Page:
That may be understandable. While the earlier dredging cost less than $500,000, a similar process would be dramatically more expensive today, and the city simply doesn’t have the money. It had hoped for about half a million dollars in federal funds this year, but it hasn’t received it. The $200,000 it has set aside would cover a mere fraction of a bill that almost surely will top $1 million.

Now, councilors are waffling about what to do next, so much so that they’re talking about partnering with the Upper Deschutes Watershed Council to — you guessed it — study the situation yet again, come up with options and go forth from there. That almost surely would push any solution back by at least a year, perhaps longer.

In reality, there’s no need to study anything. Councilors have said what they want to do with the pond: They want, or wanted, to restore it to what it was after dredging in 1984. That’s the best plan — anything that changes its looks changes the very heart of Bend in most people’s minds. Rather than dithering, studying and fussing for another year or more, councilors should concentrate on the real issue at hand: Finding the money to fix the pond as soon as possible, nothing more.

Source: The Bulletin ©2007

Blurred vision for Mirror Pond

Imagine it’s the year 2030 in Bend. If you are like us, you envision Mirror Pond remaining a pond — not deteriorating into a mud flat.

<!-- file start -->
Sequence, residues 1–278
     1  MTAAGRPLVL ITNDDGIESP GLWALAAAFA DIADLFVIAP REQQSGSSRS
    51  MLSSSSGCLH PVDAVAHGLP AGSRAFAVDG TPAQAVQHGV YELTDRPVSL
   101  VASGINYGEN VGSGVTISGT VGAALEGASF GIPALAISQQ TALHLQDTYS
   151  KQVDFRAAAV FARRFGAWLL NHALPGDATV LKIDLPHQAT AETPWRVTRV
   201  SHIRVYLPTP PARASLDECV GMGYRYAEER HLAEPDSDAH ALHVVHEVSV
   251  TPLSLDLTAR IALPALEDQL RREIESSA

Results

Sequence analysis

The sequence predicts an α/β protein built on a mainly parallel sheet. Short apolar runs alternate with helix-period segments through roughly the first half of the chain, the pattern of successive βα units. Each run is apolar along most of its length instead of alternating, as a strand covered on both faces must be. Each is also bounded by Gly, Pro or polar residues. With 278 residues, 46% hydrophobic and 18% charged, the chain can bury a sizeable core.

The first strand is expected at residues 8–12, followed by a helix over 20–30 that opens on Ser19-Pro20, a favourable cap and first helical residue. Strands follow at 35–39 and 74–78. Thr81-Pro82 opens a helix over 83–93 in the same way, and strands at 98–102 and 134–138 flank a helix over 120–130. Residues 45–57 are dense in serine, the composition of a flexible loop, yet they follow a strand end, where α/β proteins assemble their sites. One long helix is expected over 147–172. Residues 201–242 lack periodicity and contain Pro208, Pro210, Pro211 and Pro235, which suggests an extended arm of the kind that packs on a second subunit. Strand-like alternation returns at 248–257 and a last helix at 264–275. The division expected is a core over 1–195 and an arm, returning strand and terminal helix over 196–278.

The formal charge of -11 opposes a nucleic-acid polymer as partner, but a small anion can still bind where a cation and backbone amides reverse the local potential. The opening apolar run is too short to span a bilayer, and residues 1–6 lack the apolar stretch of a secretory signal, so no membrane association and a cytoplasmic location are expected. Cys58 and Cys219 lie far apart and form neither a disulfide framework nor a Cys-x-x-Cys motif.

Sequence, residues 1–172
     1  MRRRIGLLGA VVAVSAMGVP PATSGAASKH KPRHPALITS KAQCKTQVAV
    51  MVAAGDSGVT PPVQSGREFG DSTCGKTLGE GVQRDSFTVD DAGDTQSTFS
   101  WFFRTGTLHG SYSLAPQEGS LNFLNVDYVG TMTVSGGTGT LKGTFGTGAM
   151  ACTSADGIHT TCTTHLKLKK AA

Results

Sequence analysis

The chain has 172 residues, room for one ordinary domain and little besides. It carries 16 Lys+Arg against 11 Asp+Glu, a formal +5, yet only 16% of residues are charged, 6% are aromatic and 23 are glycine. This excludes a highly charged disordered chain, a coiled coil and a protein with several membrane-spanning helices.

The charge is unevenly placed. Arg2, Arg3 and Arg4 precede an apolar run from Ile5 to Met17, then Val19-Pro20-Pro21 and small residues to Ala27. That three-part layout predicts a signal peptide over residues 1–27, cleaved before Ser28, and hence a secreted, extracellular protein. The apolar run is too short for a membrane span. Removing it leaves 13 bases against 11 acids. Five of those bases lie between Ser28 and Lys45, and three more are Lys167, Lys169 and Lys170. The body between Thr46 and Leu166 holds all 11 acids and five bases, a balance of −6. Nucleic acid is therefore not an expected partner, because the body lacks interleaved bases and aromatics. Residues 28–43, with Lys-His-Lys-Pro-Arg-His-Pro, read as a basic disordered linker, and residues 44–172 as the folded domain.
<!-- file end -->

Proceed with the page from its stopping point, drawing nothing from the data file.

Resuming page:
The Bend City Council shares that vision. It’s just that the council’s focus sometimes goes blurry.

The council has $200,000 set aside in the current budget for Mirror Pond. It’s not the $700,000 that the city had hoped for because a $490,000 contribution from the federal government isn’t coming. At least $200,000 is enough to do some limited dredging.

Councilor Jim Clinton says the $200,000 will buy the city some time to come up with a more permanent solution. Dredging the pond is a temporary fix. The pond was last dredged in 1984 at a cost of $312,000. Sediment has been piling up in the pond since then.

We don’t know the best way to spend the $200,000. But wouldn’t it be nice if the city was closer to its vision of Mirror Pond and its $700,000 goal?

It could have been. Remember the city’s joy ride into visioning known as Bend 2030?

The city held public meetings. Some residents got motivated to think about the future of the city. A visioning document was produced. And the City Council embraced it, declaring that it would review its long-term plans to promote alignment with the vision.

What has happened since then? Well, Bend 2030 gets mentioned in passing from time to time at council meetings. We would think if something significant was going on, it would be reported at a council meeting.

The trouble with Bend 2030 was that it purported to show citywide agreement from limited input. And many of its starry-eyed hopes and dreams required new taxes, regulations and fat expenditures to build difficult to sustain projects, such as a performing arts center or a museum of fine arts.